Over the past few months during sunrise walks with my dog I’ve become personally acquainted with one of the great symbols of autumn. A band of four crows roosts on the same utility poles in my neighborhood each morning, and I’ve concluded they have found the perfect vantage point from which to spot breakfast each day, packaged for them in brightly colored and greasy fast food bags spilling out of cars arriving at a large student parking lot. I realized one morning that the individual members of this small group are completely indistinguishable to me, and I also can’t be certain they are even the same four crows I observed yesterday or the day before. Which begs the question: just how the heck do crows tell each other apart, anyway?
Where better to search for an answer to one of nature’s little mysteries than my local public library, where I found a DVD documenting the ability of crows to recognize and remember individuals. Originally aired as an episode of the PBS series Nature in 2010, A Murder of Crows examines the mind and behavior of a species we usually demonize (the “murder” of the title is the traditional English collective noun for a group of crows) or ignore, but which has evolved in a tenuous partnership with humans, not unlike many other urban critters we sometimes consider to be pests. A Murder of Crows revolves around the research of John Marzluff at the University of Washington, whose experiment on a particular group of crows tests the extent to which they can recognize a person with whom they have come into contact, and pass that information on to other crows. Between scenes revealing Marzluff’s results as they unfold, the film offers an overview of crow intelligence, including footage of a bird using one tool to gain access to a second tool necessary for the completion of a task — a double-layered thought process that puts crows among the elite tool users of the animal world. Observations of crows gathering together to sustain acommunal silence in response to the death of one of their group hint at what also may be one of the more complex social systems found among any species.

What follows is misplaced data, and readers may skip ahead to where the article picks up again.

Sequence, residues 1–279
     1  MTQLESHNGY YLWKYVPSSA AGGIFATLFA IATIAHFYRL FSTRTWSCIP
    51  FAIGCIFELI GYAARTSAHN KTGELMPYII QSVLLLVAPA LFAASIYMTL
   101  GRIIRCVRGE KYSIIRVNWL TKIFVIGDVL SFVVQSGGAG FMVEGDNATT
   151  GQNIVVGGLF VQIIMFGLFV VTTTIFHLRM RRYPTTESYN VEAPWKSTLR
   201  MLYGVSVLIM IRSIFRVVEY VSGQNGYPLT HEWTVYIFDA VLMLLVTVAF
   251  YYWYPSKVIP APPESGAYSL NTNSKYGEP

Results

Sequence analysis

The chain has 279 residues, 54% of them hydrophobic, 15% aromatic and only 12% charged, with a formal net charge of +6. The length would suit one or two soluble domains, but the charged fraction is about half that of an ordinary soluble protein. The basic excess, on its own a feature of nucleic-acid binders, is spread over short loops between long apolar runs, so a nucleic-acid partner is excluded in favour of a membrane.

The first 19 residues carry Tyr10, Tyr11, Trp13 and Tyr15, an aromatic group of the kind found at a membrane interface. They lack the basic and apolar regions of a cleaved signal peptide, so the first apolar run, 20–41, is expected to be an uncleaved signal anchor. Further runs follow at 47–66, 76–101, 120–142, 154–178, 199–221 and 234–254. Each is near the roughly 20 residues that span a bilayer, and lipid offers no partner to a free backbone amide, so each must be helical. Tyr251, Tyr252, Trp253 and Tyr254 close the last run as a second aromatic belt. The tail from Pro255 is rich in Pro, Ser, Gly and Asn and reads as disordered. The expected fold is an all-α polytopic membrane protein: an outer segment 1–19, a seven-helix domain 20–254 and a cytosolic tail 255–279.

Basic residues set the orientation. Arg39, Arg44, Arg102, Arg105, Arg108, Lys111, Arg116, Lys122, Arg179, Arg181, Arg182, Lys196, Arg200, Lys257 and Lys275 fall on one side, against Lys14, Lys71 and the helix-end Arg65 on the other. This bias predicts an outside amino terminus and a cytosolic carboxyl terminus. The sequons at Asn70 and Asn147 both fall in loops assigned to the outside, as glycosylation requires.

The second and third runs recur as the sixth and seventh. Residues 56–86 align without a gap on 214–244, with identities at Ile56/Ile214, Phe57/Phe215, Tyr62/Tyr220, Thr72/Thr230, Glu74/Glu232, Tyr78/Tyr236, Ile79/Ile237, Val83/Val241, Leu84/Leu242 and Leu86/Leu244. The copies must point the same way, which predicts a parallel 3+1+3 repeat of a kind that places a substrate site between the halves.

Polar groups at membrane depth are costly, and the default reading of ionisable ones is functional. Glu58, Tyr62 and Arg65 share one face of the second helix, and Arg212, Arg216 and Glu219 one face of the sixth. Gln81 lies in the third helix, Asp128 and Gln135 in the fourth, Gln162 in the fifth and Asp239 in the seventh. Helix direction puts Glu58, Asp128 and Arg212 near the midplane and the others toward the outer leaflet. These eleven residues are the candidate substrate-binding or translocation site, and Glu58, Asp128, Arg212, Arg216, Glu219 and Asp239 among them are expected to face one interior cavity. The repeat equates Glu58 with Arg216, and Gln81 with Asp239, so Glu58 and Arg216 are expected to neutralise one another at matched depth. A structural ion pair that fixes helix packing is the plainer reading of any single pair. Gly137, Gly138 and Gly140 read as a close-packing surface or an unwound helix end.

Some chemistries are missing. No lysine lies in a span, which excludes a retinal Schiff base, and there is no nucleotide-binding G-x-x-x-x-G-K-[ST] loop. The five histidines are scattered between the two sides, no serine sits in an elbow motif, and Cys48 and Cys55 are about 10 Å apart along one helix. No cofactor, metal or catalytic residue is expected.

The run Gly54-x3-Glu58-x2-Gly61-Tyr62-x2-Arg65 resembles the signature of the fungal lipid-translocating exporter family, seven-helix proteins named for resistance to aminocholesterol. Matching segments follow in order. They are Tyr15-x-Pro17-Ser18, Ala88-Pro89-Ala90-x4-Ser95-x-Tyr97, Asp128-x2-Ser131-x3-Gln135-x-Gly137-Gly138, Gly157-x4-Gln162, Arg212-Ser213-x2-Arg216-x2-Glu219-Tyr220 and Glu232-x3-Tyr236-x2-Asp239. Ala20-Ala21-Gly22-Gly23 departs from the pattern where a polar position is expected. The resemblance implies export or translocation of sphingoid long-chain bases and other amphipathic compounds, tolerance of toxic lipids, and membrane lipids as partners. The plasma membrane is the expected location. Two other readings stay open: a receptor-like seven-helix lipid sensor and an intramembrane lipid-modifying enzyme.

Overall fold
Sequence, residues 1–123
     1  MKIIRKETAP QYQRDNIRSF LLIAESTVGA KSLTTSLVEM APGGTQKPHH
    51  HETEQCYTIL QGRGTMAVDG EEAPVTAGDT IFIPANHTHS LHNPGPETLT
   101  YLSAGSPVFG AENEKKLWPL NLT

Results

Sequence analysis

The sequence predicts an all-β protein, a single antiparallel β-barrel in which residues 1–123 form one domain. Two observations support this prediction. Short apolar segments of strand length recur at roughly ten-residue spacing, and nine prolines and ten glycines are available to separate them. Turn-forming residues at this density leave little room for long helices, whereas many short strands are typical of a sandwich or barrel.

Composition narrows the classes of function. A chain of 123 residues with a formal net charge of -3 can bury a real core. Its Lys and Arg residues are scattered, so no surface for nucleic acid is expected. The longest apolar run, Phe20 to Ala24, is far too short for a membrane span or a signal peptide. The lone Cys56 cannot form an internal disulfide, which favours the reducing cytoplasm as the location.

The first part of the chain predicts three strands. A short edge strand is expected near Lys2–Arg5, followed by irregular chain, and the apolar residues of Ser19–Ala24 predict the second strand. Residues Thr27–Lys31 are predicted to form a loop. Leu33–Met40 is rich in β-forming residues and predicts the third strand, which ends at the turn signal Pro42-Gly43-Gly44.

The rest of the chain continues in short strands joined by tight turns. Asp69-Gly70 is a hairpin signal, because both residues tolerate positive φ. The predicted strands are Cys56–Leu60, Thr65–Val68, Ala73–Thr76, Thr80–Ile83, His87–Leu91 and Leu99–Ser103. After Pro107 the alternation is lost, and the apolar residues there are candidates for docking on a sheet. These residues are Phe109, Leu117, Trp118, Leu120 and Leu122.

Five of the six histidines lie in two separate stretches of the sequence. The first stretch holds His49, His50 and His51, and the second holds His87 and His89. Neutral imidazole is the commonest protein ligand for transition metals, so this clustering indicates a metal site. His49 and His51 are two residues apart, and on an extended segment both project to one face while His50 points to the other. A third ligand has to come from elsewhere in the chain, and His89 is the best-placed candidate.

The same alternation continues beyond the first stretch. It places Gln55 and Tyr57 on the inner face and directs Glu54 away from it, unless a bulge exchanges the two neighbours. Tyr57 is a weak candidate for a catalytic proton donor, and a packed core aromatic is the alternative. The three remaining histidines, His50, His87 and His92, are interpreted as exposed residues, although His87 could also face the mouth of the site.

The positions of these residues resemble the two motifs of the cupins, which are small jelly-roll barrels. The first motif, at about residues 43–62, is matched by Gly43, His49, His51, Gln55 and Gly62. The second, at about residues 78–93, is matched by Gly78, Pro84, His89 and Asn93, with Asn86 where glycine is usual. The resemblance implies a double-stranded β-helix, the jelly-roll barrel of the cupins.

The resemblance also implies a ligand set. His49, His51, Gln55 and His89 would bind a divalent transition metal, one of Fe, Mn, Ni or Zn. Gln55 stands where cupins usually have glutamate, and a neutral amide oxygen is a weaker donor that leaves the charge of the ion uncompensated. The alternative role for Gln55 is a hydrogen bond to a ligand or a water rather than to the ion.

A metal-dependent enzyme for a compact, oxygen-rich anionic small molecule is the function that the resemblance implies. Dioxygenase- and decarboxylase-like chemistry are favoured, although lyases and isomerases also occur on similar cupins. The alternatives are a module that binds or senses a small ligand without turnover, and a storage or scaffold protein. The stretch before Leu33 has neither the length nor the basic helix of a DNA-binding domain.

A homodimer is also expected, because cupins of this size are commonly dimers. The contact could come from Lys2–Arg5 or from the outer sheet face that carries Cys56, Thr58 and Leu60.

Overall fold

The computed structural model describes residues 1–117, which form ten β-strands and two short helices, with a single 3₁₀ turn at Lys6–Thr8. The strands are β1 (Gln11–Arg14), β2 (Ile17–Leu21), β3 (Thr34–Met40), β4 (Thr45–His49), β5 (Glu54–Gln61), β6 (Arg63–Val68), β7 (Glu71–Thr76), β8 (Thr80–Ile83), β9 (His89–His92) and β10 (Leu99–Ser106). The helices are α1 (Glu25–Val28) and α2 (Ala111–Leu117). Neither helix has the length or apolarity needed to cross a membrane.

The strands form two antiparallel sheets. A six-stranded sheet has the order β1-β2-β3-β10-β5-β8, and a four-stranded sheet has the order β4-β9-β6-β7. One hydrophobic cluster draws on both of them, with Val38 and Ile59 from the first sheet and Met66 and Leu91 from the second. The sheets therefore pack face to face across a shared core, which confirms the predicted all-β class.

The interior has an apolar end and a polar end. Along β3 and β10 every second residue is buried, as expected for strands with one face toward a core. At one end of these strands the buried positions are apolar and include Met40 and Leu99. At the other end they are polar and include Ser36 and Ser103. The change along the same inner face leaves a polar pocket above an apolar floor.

For a more literary examination of my original question, I turned to Esther Woolfson’s Corvus: A Life with Birds. Blending memoir and science, Woolfson’s book recounts the years she shared her Aberdeen, Scotland, home with two feathered friends of the crow family: a rook named Chicken and a magpie named Spike. Her own rook’s displays of special warmth while greeting certain familiar (human) friends left the author with no doubts that “corvids’ recognition of one another is a prerequisite for the kind of organized, highly social existence they lead.” Corvus compiles scientific evidence, a cultural history of man’s relationship with crows, and personal tales of life with the birds in a contemplative style reminiscent of two iconic nature memoirs, Gavin Maxwell’s Ring of Bright Water (another tale of a Scottish inter-species cohabitation: man and otter) and Annie Dillard’s Pilgrim at Tinker Creek. Woolfson’s book holds its own among those classics, balancing fascination (her recollection of having been victim of a practical joke perpetrated by a magpie is so striking you will be talking about it with the next person you see) and a moving appreciation for the birds and her relationships with them.
So while I may never be able to tell if “my” crows are the same four I see most mornings, I’m now certain that they know whether or not they are, and probably recognize me. Perennially overlooked by humans, the crows blending into the scenery above us have a better idea what we are up to than we have of them. One thing they can’t know, though, and I wish I could somehow get it across to them. I don’t care how smart or what species you are, a lifetime of fast food for breakfast every day is going to do you in. So crows, get your tailfeathers over to my backyard and eat those Wheaties I keep leaving out for you. Or at least the mixed nuts, before the squirrels get them again. – Dan Coleman, Collection Development